Step #2:  In addition, request an electronic copy of all your prescription transactions (claims) for the billing cycle which coincides with the date of your price list.

Step #3:  Compare approximately 10 to 20 prescription claims against the price list to confirm contract agreement. It's impractical to verify all claims, but 10 is a sample size large enough to extract some good assumptions.

Step #4:  Now take it one step further. Check what your organization has paid, for prescription drugs, against our acquisition costs then determine if a problem exists. When there is more than a 5% price differential for brand drugs or 25% (paid versus actual cost) for generic drugs we consider this a potential problem thus further investigation is warranted.

Multiple price differential discoveries mean that your organization or client is likely overpaying. REPEAT these steps once per month.

-- Tip --

Always include a semi-annual market check in your PBM contract language. Market checks provide each payer the ability, during the contract, to determine if better pricing is available in the marketplace compared to what the client is currently receiving.

Tuesday, March 2, 2021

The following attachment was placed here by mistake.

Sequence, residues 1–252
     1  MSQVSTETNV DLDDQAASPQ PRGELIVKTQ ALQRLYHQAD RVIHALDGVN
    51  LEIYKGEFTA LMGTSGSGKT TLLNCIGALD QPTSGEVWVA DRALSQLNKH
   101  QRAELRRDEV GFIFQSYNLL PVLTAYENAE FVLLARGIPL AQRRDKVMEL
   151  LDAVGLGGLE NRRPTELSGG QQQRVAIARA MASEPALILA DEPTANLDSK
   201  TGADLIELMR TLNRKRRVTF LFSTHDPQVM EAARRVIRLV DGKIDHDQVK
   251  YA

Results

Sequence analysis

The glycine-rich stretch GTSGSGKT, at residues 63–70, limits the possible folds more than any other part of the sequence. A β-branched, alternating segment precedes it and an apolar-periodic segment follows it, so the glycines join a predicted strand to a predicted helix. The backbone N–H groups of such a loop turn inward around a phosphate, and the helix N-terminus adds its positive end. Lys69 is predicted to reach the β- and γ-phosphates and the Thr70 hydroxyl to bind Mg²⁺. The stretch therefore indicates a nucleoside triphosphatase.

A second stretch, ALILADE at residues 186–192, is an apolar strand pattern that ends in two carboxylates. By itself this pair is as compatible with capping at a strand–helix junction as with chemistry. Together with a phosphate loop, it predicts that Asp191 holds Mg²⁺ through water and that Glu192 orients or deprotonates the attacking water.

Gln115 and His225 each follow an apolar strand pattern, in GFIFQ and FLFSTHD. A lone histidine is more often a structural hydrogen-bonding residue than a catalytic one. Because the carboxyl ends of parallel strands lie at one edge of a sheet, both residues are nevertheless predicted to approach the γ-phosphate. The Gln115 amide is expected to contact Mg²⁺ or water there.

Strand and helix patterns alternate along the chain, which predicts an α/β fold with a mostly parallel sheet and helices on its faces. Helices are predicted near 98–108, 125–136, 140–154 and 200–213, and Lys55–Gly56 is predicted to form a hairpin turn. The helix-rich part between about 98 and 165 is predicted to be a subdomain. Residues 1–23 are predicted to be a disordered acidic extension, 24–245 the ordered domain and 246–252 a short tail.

Tuesday Tip of the Week: Vertically Integrated Insurers Pivot to Protect Drug Manufacturer Revenue

Insurer vertical integration
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Humana Inc. has agreed to join a purchasing group run by rival Cigna Corp. in a move that the health insurer says will help drive down its drug costs for its commercial members. Beginning April 1, Humana will join a Cigna purchasing organization called Ascent Health Services to give it access to greater discounts from drugmakers, the companies confirmed to Bloomberg News. Ascent manages commercial rebates, the payments that drugmakers make to health plans. The agreement covers drug contracting and negotiations for Humana’s commercial business.

“This arrangement will help us leverage scale and buying power to extract deeper price discounts from drug manufacturers and advance affordability for our customers while at the same time preserve our ability to address their specific clinical needs,” Humana spokeswoman Kelley M. Murphy said in an email.

Tyrone's Commentary: